It is no fun being a member of the GOP establishment these days. Another upstart has pulled off a surprise victory, this time  in Nebraska. Shades of Indiana! Even worse, Sarah Palin's endorsement seems to have made a big difference. The peasants are revolting! And nominating their candidates for the Senate.

Someone  named Deb Fischer -- nobody at the National Press Club or Cosmos Club ever heard of her -- won the Republican primary. David Catanese of Politico explains:

Nebraska state Sen. Deb Fischer wrested the Republican nomination for U.S. Senate from Attorney General Jon Bruning Tuesday night, riding a burst of late momentum to pull off an unexpected victory.

Her stunning come-from-behind performance amounts to a warning flare about the volatility of the primary season and the unintended impact of outside groups. (snip)

Outside groups like the Club for Growth and Jim DeMint's Senate Conservative Fund began chipping away at Bruning's favorability through a string of hard-hitting attack ads, with the goal of boosting Stenberg.

But the unintended effect was lifting Fischer, a poorly funded candidate who managed to stay out of the mud.

The Club for Growth and Senator DeMint are not exactly beloved by the establishment. Combining their force with the grass roots momentum Sarah Palin can generate amounts to a nightmare for Republican elites. They remember Delaware and feel doom over blowing a Senate seat pick-up. They also don't relish the prospect of an unbending conservative winning a seat in the Senate, where the clubby atmosphere makes life pretty comfortable, even if you are in the minority. Makes it more difficult to get along with "my friends across the aisle," as they say. Dick Lugar got along great.

But in Nebraska, Fischer has to be favored. Republicans have a 170,000 vote registration advantage, and the Democrats are recycling Debra Winger's ex-boyfriend, Bob Kerrey, who, when he left office went to live in New York City and head the New School for Social Research in Greenwich Village, leaving it last year.

Dustin Hawkins of About.com makes the case that despite the fond hopes of many in the media and GOP elites, Sarah Palin is proving a potent force.

Many naysayers have dismissed Palin's influence, instead suggesting that her endorsements had little effect as the candidates were rising in the polls anyway. But the coincidences are far too many and the number of out-of-nowhere candidates to win (or come darn close to winning) are simply too plentiful to ignore. In 2010, it was Governor Nikki Haley in South Carolina, Joe Miller in Alaska, and Karen Handel in Georgia (among many others) who were given big boosts in their eventual underdog primary bids.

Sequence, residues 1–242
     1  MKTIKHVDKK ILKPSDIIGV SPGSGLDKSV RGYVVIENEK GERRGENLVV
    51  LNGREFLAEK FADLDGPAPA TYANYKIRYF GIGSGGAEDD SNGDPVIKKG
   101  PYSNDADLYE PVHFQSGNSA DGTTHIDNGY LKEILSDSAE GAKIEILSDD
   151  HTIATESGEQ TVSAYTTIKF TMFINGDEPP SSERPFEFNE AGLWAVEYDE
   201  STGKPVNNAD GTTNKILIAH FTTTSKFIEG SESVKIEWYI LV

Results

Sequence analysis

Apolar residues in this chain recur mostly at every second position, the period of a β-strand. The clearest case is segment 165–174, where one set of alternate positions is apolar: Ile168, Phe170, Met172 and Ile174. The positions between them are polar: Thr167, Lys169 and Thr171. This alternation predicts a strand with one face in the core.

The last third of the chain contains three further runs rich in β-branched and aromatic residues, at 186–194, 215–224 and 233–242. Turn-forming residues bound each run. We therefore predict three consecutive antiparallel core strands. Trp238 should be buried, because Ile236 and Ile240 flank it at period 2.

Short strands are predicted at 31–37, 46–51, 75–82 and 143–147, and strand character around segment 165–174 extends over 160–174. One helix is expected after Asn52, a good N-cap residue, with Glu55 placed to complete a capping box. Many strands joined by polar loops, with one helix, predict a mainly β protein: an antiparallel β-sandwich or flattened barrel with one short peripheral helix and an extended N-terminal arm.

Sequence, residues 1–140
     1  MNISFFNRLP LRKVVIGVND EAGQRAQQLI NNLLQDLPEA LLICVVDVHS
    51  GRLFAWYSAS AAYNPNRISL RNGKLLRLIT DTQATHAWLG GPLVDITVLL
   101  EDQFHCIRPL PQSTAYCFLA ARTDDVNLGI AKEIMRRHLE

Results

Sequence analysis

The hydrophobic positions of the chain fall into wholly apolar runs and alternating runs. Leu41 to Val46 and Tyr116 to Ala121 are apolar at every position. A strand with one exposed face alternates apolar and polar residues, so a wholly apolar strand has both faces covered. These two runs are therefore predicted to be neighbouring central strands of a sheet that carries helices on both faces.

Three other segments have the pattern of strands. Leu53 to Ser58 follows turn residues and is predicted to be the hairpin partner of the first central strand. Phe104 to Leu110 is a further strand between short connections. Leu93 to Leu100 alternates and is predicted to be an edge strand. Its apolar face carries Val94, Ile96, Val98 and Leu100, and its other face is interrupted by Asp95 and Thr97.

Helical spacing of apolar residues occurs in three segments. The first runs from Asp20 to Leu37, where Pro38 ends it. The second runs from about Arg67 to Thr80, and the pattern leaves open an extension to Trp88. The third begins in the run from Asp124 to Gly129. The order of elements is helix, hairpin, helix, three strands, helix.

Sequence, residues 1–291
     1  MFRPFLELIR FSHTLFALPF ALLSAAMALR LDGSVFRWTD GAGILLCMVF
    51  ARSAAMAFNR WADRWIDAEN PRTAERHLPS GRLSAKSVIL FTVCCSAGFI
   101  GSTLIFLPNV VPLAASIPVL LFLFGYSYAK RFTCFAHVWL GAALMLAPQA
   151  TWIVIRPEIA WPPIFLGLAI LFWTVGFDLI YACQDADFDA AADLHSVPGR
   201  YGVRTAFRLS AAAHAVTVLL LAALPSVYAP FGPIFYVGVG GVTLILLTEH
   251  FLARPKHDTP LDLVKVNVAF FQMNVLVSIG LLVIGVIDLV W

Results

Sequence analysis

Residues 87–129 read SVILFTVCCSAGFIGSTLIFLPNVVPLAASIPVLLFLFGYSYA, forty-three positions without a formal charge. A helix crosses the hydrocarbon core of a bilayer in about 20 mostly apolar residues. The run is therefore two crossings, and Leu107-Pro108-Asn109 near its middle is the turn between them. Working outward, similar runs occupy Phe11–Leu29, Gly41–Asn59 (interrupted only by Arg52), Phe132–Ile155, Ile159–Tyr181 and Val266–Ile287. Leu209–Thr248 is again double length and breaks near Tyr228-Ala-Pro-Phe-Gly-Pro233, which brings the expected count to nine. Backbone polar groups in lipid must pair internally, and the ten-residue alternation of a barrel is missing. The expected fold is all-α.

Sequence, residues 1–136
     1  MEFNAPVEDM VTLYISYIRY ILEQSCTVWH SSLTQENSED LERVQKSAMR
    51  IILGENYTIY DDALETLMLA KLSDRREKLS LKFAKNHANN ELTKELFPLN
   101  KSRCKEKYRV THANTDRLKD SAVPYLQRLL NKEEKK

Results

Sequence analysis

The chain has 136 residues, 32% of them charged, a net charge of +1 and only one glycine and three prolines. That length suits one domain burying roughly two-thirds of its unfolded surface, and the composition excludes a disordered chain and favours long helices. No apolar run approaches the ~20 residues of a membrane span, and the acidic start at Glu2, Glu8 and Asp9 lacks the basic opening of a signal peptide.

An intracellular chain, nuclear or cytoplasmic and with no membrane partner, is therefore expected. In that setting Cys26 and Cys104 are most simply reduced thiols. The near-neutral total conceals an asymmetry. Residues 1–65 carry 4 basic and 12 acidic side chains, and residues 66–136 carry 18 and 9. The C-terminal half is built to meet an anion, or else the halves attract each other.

Most notably, Sarah Palin did not endorse a candidate for President in 2012, though both Newt Gingrich and Rick Santorum claimed at one point or another they had her support. (Palin stated she voted for Newt in Alaska, but her "keep the race going" strategy was hardly a ringing endorsement.)

Sarah Palin put out this statement:

As recently as a week ago, Deb Fischer was dismissed by the establishment. Why? Because she is not part of the good old boys' permanent political class. The message from the people of Nebraska is simple and powerful: America is looking for real change in Washington, and commonsense conservatives like Deb Fischer represent that change. I applaud Moms like Deb Fischer who are bold enough to step up and run on a conservative platform to restore America and protect our children's future. Congratulations to the people of Nebraska. As the Huskers' fight song goes: "The eyes of the land, upon every hand, are looking at you. Fight on for victory!"

There is a populist storm brewing. The tea party base is aroused, focused, and will turn out in elections. Media fantasies about its demise are based on the shallowest of perceptions. The populist uprising is in its second phase; having rallied and ascertained they are not alone, and effortlessly connected by the internet in real time, government downsizers are organizing and turning out.

Update: Next up: Texas.  John Kraushaar of National Journal explains:

 The next big contest is shaping up in Texas, where conservatives have rallied around former state Solicitor General Ted Cruz against establishment-favored Lt. Gov. David Dewhurst. Dewhurst, by virtue of a deep war chest and connections to Texas politicos, is expected to comfortably finish in first place in the May 29 primary. Cruz, for his part, hasn't yet translated the outside conservative excitement in his polling, still lagging a distant second.

But Cruz-backers are anticipating Dewhurst will draw less than 50 percent of the vote, a scenario that would prompt a July 31 runoff. Under that scenario, Cruz (if he finishes second) would be able to make the race into a one-on-one fight between the establishment and the grassroots. Don't underestimate how quickly outside money could come in if Cruz looks to be within striking distance-just as Richard Mourdock's fundraising spiked after polls showed him competitive with Lugar.

I have met Ted Cruz and listened to him give a talk. He is extremely impressive: handsome, articulate, and whip-smart. I would love to see him in the Senate. Comparisons to Marco Rubio seem apt, though I am no expert on Texas politics.